Arts Mentoring pilot Case Study Zara* and Anne

“Art is my lifeline” these are the words Zara uses to describe the impact which art-making made on her sense of self and career while she was in Hydebank Wood College.

For 6 years she engaged with PAF’s art residency programme and during that time our Artist in Residence supported her to submit a number of her art works to the Koestler Trust.  Zara has won a number of awards over the years including Gold, Silver and Highly Commended; most recently her work received the ‘Lamberth Family Gold Award for Sculpture’ in 2015 and her ‘Slice of Pavlova’ was selected by the curators for Koestler’s RE:FORM UK Exhibition of Art by Offenders at Southbank Centre in London.
Slice of Pavlova Lamberth Family Gold Award for Sculpture Koestler Awards 2015
Before entering Hydebank Wood College, art did not play a significant role in Zara’s life.  Although she enjoyed art at school she never identified herself as an artist or recognised her talent.  After her release and with the support of her Probation Officer Zara applied to our mentoring scheme and in December 2016 was matched with one of our fine arts mentors – Anne.   They worked together for just over 6 months and Zara received 17 mentoring sessions.  In her application Zara wrote “I would like someday to have my own exhibition”, and this is what she accomplished.  Anne said her mentee “was aware of her goals and showed enthusiasm throughout the programme.  With my guidance and experience, she was able to stay focused and achieve the goals.”
Technical development of style 01
Technical development of style 02
Anne structured some of the mentoring sessions around sourcing images to paint and looking at different styles of artists work.  They visited numerous art galleries throughout Northern Ireland including the Royal Ulster Academy’s Annual Exhibition and the True Colours exhibition in the Ulster Museum in Belfast.  Zara said she has found the work of Northern Irish Artist, Colin Davidson, most inspiring.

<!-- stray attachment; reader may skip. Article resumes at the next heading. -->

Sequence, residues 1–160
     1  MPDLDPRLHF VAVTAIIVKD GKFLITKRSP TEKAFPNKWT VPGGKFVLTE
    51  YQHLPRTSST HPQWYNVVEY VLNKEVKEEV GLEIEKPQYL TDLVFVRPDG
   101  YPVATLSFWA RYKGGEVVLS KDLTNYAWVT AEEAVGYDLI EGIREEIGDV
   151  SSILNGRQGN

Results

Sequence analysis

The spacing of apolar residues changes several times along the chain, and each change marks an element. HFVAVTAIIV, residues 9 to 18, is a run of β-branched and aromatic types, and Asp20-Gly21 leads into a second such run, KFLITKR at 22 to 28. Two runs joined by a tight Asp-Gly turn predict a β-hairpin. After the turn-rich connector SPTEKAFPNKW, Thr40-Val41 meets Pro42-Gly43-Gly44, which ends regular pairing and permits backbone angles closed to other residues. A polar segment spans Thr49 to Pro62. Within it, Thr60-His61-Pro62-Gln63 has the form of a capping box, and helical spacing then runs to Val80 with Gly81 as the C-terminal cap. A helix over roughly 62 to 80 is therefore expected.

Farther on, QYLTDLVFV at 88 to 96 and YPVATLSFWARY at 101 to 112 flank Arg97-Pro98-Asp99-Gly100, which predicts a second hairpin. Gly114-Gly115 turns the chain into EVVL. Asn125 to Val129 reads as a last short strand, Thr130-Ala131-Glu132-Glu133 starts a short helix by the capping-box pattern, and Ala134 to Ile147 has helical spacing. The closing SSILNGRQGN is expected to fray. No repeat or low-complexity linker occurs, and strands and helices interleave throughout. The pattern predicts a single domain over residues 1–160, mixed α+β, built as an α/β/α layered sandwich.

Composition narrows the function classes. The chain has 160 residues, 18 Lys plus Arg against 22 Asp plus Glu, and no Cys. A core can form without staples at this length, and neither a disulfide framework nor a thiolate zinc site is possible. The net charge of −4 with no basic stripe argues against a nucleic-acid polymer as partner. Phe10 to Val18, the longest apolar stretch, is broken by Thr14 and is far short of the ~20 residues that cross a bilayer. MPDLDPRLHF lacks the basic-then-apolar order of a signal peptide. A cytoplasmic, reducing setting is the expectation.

Anne planned some practical mentoring sessions in PAF’s new Creative Hub, a studio environment, in Belfast.  Zara said she found these sessions useful as Anne was able to give her feedback on the painting she had been working on at home.  Being able to have discussions with her mentor gave Zara the confidence to expand her painting technique and produce a final body of work for her exhibition.
Helping mentee critique her work 01Helping mentee critique her work 02
 Zara launched her first solo exhibition ‘Reflective Moments’ in July 2017.  Her body of work reflected on memories from childhood to present day and her subject matter incorporated humour and local surroundings.  She used mostly acrylic paint in the works, combining it with mixed media to create texture.
Promoting mentees work to wider audience 04
Engagement in PAF’s arts mentoring scheme encouraged Zara to promote and sell her work to a wider audience.  13 of the original 16 artworks displayed were sold during her exhibition, and she has been commissioned to paint a further 7 pieces of art for both individuals and local businesses.
Since the completion of her mentoring, Zara has continued to link in with her local arts club, and she has also taken on the secretary role within her local AA group which comes with a certain level of responsibility and commitment.
Promoting mentees work to wider audience 02Promoting mentees work to wider audience 03
When reflecting on her mentoring journey Zara said “contact, structure and routine is something the mentoring programme gave her”, it also gave her “confidence on many levels…a big step for me was travelling to Belfast for my mentoring sessions with Anne in the creative hub.  This was a real personal achievement.”
Her engagement with art is a success story on two levels: the first relates to Zara’s artistic achievements, and the second, the beneficial impact of art-making on Zara’s sense of self, her emotional well-being and her relationships.
*mentee’s name has been changed to protect confidentiality
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